|1992||31st||Minneapolis, Minnesota||June 24–26, 1991||935|
|1996||32nd||Denver, Colorado||1995||Rachel Bubar Kelly (Maine)||1,298|
|2000||33rd||Bird-in-Hand, Pennsylvania||June 28–30, 1999||W. Dean Watkins (Arizona)||208|
|2004||34th||Fairfield Glade, Tennessee||February 1, 2004||Gene Amondson (Washington)||Leroy Pletten (Michigan)||1,944|
|[34th]||Lakewood, Colorado||August 2003||Earl Dodge (Colorado)||Howard Lydick (Texas)||140|
|2008||35th||Adam's Mark Hotel,
|Sept. 13–14, 2007||Gene Amondson (Washington)||Leroy Pletten (Michigan)||643|
|2012||36th||Holiday Inn Express,
|June 20–22, 2011||Jack Fellure (West Virginia)||Toby Davis (Mississippi)||518|
|2016||37th||Conference call||July 31, 2015||James Hedges (Pennsylvania)||Bill Bayes (Mississippi)||5,617|
- Sidney Johnston Catts – Governor of Florida (1917–1921)
- Charles Hiram Randall – California State Assemblyman (1911–12) and U.S. Representative from the 9th District of California (1915–21)
- Susanna M. Salter – Mayor of Argonia, Kansas (1887): the first female mayor in the United States
- James Hedges – Thompson Township, Pennsylvania, Tax Assessor (2002–2007): the only known Prohibition Party office holder of the 21st century
- Black, James. Is There a Necessity for a Prohibition Party? (National Temperance Society and Publication House, 1876.)
- Federal Elections 2012: Election Results for the U.S. President, the U.S. Senate and the U.S. House of Representatives, Washington D.C., Federal Election Commission, July 2013.
- "Our Campaigns - Container Detail Page". Retrieved 29 January 2016.
- "National Affairs: Men of Principle". Time. September 10, 1928. Retrieved 2010-05-22.
- "National Affairs: In Cadle Tabernacle". Time. July 18, 1932. Retrieved 2010-05-22.
- "Give the Ladies a Chance: Gender and Partisanship in the Prohibition Party, 1869–1912". Journal of Women's History 2: 137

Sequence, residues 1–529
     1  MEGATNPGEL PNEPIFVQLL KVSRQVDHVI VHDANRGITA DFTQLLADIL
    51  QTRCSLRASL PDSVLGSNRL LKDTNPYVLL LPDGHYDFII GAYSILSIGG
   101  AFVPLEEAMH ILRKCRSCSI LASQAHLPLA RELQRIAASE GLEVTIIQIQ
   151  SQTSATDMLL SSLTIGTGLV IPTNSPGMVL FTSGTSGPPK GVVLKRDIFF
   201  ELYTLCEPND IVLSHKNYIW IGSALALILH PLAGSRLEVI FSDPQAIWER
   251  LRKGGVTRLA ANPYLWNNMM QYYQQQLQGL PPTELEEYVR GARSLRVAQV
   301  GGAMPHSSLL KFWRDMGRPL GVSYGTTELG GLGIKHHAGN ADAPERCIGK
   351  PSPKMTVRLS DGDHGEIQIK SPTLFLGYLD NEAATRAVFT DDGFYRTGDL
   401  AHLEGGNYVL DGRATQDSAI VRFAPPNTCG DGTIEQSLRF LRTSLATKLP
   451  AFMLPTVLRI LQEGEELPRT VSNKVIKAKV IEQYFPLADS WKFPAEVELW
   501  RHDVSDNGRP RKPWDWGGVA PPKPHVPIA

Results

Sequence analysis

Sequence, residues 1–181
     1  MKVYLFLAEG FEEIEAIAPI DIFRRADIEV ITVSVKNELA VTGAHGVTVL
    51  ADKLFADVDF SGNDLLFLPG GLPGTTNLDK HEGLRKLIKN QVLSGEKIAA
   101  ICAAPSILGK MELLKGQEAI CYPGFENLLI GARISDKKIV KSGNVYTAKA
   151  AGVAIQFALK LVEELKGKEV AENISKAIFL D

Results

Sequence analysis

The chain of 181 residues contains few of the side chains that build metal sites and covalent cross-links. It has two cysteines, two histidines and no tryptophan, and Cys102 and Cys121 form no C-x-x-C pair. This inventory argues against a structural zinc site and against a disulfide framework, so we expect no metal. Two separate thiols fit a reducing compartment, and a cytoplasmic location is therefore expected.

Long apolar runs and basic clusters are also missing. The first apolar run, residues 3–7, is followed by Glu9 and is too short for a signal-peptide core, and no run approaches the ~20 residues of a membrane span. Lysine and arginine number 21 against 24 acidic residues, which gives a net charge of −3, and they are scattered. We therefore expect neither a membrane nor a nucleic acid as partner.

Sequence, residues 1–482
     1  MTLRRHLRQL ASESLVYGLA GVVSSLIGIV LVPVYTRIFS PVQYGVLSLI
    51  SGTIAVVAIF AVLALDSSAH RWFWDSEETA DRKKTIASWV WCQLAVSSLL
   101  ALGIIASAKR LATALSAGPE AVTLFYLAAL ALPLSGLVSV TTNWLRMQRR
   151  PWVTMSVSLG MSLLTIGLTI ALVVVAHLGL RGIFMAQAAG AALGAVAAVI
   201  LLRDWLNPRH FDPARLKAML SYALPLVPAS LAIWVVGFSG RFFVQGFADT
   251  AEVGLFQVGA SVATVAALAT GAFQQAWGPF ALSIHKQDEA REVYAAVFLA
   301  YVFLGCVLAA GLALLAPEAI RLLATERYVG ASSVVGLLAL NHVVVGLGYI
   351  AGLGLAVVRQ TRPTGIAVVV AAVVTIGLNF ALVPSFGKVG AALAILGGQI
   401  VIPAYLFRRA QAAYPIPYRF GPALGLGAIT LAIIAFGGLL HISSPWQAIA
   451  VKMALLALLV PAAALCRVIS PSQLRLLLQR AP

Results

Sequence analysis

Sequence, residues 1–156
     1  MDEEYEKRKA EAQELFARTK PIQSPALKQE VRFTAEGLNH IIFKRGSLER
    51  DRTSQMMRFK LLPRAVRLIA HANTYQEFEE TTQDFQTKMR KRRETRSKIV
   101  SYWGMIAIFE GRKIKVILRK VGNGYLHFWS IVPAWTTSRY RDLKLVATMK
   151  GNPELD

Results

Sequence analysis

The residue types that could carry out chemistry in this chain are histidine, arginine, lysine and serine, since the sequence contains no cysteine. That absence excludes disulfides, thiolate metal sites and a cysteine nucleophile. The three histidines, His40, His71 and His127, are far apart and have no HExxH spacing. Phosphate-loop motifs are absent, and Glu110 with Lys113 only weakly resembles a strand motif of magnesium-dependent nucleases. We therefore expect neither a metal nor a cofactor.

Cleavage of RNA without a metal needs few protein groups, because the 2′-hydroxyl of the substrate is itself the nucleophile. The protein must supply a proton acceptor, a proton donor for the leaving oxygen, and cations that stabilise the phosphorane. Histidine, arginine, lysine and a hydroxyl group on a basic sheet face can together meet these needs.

- Gillespie, J. David. Challengers to Duopoly: Why Third Parties Matter in the American Two-Party System. 2012. p. 47
- Andersen, Lisa M. F. 2011. "Give the Ladies a Chance: Gender and Partisanship in the Prohibition Party, 1869–1912". Journal of Women's History 2: 137
- "Prohibitionists Historical Vote Record". Prohibitionists.org. Retrieved 2016-01-30.
- "Susanna Madora Salter - Kansapedia - Kansas Historical Society". KSHS. Retrieved 2016-01-30.
- Andersen, Lisa M. F. 2011. "Give the Ladies a Chance: Gender and Partisanship in the Prohibition Party, 1869–1912". Journal of Women's History 2: 143, 141.
- Andersen, Lisa M. F. 2011. "Give the Ladies a Chance: Gender and Partisanship in the Prohibition Party, 1869–1912". Journal of Women's History 2: 145
- "Frances E. Willard". 2000. National Women's Hall of Fame. Retrieved on November 18, 2014 from . Archived August 4, 2013, at the Wayback Machine.
- Gillespie, J. David. 2012. Challengers to Duopoly: Why Third Parties Matter in American Two-Party Politics. Columbia: The University of South Carolina Press. P. 47
- "Americana: Time to Toast the Party?". Time. November 7, 1977. Retrieved 2010-05-22.
- Pitkin, Ryan (2004-10-13). "Beyond Bush, Kerry & Nader". Creative Loafing Charlotte. Retrieved 2016-01-30.
- The National Prohibitionist, 6/2003, p. 1
- "CO US President Race - Nov 02, 2004". Our Campaigns. Retrieved 2016-01-30.
- The National Prohibitionist, 11/2004, p. 1.
- "Internal Prohibition Party Battle Has Court Hearing on January 16". Ballot Access News. 2007-01-15. Retrieved 2016-01-30.
- "Ballot Access News - March 1, 2006". Retrieved 2016-01-30.
- "Prohibition Party Now to Receive Full Pennock Trust Income". 19 October 2014. Retrieved 12 July 2017.
- "A sobering alternative? Prohibition party back on the ticket this election", The Guardian, May 11, 2016.
- Winger, Richard (2015-05-07). "Prohibition Party Cancels Presidential Convention and Instead will Nominate by Direct Vote of Members". Ballot Access News. Retrieved 2015-06-08.
- "Prohibition Party Nominates National Ticket". Ballot Access News. July 31, 2015. Retrieved August 3, 2015.
- "2016 Election Results: President Live Map by State, Real-Time Voting Updates". Election Hub. Retrieved 12 July 2017.
- "Candidates". Retrieved 29 January 2016.
- "Is There a Necessity for a Prohibition Party? - James Black". Books.google.com. 2008-06-16. Retrieved 2016-01-30.
- Andersen, Lisa, "From Unpopular to Excluded: Prohibitionists and the Ascendancy of a Democratic-Republican System, 1888–1912", Journal of Policy History, 24 (no. 2, 2012), pp. 288–318.
- Cherrington, Ernest Hurst, ed. Standard encyclopedia of the alcohol problem (5 vol. 1930).
- Colvin, David Leigh. Prohibition in the United States: a History of the Prohibition Party, and of the Prohibition Movement (1926))
- McGirr, Lisa. The War on Alcohol: Prohibition and the Rise of the American State (2015)
- Pegram, Thomas R. Battling demon rum: The struggle for a dry America, 1800–1933 (1998)